Report on Witori (Papua New Guinea) — 2 May-8 May 2012
Smithsonian / US Geological Survey Weekly Volcanic Activity Report,
2 May-8 May 2012
Managing Editor: Sally Kuhn Sennert
Please cite this report as:
Global Volcanism Program, 2012. Report on Witori (Papua New Guinea). In: Sennert, S K (ed.), Weekly Volcanic Activity Report, 2 May-8 May 2012. Smithsonian Institution and US Geological Survey.
Papua New Guinea
5.576°S, 150.516°E; summit elev. 724 m
All times are local (unless otherwise noted)
Based on analyses of satellite imagery, the Darwin VAAC reported that ash-and-steam plumes from Pago rose to an altitude of 13.7 km (45,000 ft) a.s.l. and drifted 75 km NE on 3 May.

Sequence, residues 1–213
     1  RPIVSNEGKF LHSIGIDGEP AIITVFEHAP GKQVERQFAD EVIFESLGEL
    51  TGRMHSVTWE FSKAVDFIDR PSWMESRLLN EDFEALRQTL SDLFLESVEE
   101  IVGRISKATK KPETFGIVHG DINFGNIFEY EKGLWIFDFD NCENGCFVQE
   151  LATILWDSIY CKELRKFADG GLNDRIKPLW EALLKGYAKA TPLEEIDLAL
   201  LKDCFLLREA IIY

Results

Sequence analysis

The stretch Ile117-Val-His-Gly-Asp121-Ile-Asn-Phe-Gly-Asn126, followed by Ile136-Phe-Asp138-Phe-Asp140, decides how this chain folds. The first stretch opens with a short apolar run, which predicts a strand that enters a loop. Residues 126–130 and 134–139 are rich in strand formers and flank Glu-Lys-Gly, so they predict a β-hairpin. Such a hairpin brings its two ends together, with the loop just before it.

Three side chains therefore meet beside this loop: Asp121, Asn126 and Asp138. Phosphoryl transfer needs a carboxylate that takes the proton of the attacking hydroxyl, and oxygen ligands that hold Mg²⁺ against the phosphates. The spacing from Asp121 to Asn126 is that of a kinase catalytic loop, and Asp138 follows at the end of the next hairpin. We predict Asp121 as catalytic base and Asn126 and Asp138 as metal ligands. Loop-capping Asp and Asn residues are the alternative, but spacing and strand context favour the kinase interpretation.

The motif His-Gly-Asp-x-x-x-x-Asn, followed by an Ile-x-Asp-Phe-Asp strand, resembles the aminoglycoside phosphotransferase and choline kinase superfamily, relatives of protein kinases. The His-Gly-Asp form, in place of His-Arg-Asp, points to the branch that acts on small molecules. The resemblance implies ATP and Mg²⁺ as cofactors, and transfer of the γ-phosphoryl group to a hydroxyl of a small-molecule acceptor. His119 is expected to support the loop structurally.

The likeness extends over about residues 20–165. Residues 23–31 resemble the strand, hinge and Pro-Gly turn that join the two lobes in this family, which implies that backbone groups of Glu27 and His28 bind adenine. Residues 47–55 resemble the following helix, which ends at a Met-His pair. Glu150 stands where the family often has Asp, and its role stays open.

Geological Summary. The Witori caldera (5.5 x 7.5 km) on the northern coast of central New Britain contains the active Pago cone. The Buru caldera cuts the SW flank. The gently sloping outer flanks consist primarily of dacitic pyroclastic-flow and airfall deposits produced during a series of five major explosive eruptions from about 5,600 to 1,200 years ago, many of which may have been associated with caldera formation. The post-caldera Pago cone may have formed less than 350 years ago; it has grown to a height above the Witori caldera rim, and a series of ten dacitic lava flows from it covers much of the caldera floor. The youngest of these was erupted during 2002-2003 from vents extending from the summit nearly to the NW caldera wall.